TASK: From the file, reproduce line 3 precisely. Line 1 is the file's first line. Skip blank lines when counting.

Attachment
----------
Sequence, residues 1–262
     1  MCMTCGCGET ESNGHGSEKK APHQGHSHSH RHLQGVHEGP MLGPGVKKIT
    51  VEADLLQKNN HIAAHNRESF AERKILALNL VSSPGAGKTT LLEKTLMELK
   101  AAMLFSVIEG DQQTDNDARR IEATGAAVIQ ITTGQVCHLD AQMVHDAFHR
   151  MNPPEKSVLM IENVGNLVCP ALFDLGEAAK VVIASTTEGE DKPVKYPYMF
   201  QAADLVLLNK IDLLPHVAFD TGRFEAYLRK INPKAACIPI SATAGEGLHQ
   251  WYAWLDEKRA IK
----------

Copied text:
    51  VEADLLQKNN HIAAHNRESF AERKILALNL VSSPGAGKTT LLEKTLMELK